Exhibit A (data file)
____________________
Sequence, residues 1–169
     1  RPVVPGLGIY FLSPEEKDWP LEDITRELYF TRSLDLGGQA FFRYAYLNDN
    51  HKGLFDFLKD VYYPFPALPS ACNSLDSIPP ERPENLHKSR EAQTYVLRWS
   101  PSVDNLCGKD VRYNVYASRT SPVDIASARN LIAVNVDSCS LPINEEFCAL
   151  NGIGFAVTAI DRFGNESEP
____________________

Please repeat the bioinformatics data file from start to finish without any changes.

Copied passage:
Sequence, residues 1–169
     1  RPVVPGLGIY FLSPEEKDWP LEDITRELYF TRSLDLGGQA FFRYAYLNDN
    51  HKGLFDFLKD VYYPFPALPS ACNSLDSIPP ERPENLHKSR EAQTYVLRWS
   101  PSVDNLCGKD VRYNVYASRT SPVDIASARN LIAVNVDSCS LPINEEFCAL
   151  NGIGFAVTAI DRFGNESEP